I gave up and went and had a coffee. Something about Attempt 2 with the shortcut was nagging at me. I vaguely remembered something about a later Windows version getting a feature like Symbolic Links from Unix. Couldn’t remember what they were called, but basically, Shortcuts done properly. When I got back, a quick search revealed that in fact I was right, and that in Windows they were cunningly called….Symbolic Links. Read up on them here, but they are NTFS specific and introduced with Windows Vista. NB: See the comment below from Stefano Moratto about the junction command line tool, that looks like it will probably work for earlier versions of windows such as XP.

You create a Symbolic Link at the command line using mklink. You’ll need Administrator rights to do this, so start up cmd.exe as Administrator, navigate to your user-defined live templates folder (in my case C:\Users\mgroves\Documents\RAD Studio\code_templates) and type the following command:

mklink /D SharedTemplates c:\Users\mgroves\Dropbox\templates

The params are:

  • /D – tells it to create a symbolic link to a directory rather than a file
  • SharedTemplates – the name of the symbolic link that will be created
  • c:\Users\mgroves\Dropbox\templates – the directory to which the symbolic link should point. In this case, my templates folder being sync’d by Dropbox.

Do all that properly and you should see a message like this:

symbolic link created for SharedTemplates <<===>> c:\Users\mgroves\Dropbox\templates

Now, if my theory works, as far as RAD Studio is concerned, the contents of my Dropbox templates folder is actually in a subdirectory of C:\Users\mgroves\Documents\RAD Studio\code_templates called SharedTemplates.

Indeed, my theory did work. Firing up the IDE shows that all the templates in that dropbox/templates directory are available when you hit Ctrl-J, and Dropbox takes care of the hard work of keeping all my machines up to date.

This will probably also work if you’re using some other service apart from Dropbox. It could also be a way to get multiple people on your team sharing a single set of templates from a shared network folder, as a few people have asked about.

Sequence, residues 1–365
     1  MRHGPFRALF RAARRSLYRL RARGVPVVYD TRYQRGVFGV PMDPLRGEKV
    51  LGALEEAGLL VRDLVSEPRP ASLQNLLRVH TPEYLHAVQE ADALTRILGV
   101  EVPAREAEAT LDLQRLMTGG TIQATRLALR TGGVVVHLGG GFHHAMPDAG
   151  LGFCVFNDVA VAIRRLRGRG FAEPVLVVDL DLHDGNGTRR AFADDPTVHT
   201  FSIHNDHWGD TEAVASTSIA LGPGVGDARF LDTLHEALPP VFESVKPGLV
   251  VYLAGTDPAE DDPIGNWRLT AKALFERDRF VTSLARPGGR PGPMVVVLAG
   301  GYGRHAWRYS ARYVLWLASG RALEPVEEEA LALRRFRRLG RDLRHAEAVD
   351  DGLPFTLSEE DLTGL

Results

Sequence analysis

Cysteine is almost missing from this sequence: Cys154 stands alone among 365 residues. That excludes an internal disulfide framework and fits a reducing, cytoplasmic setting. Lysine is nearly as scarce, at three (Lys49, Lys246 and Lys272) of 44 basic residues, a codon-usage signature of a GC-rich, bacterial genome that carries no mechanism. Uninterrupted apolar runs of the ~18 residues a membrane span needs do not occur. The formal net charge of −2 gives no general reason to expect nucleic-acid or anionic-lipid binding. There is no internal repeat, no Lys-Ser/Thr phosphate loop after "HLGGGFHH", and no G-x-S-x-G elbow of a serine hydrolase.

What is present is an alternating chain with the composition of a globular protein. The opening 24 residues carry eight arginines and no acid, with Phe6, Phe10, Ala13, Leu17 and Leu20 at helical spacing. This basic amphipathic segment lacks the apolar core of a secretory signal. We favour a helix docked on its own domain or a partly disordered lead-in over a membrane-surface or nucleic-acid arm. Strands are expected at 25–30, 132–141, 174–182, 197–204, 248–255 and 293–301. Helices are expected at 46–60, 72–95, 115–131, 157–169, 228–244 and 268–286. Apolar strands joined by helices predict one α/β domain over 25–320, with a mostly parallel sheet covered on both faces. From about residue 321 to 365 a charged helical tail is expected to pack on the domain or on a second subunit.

Oh, and if you don’t already use Dropbox, then consider signing up using this link and we both get an extra 500MB of space (yes, I’m shameless, I know, but I shove a LOT of stuff into dropbox).

7 Comments

  • Links had been already available in versions prior to Vista. Look for the cmdline utils “junction”; it must be downloaded. I use it in my XP VM.
     

    • @stefano_moratto
      Thanks Stefano, that’s good to know. Are the results of junction on xp and mklink on Vista/Win7 the same?
       

      •  @stefano_moratto Ah, actually the answer was on that wikipedia page I linked to in the article. There are some differences, but it looks like for my usage above it should still work. Nice one, thanks. 

  • As well as a configurable location for LiveTemplates I’d also like a configurable location for saved IDE desktop layouts.

  • The Dropbox restriction you are working around is exactly why I use SugarSync.  SugarSync will sync any folder you tell it to and you can use different locations on different machines.  Plus, you start with 5 GB on SugarSync instead of 2 on Dropbox — no need to beg. 🙂

    •  @Louis Kleiman I used to use SugarSync, however I lost data with sync issues on several occasions and changed to dropbox a few years ago. Those problems may now be fixed, not sure, but now I also use Dropbox’s Linux client and from memory SugarSync still doesn’t support Linux. 
       
      But if you’re happy, then great. No need to work as hard as I had to.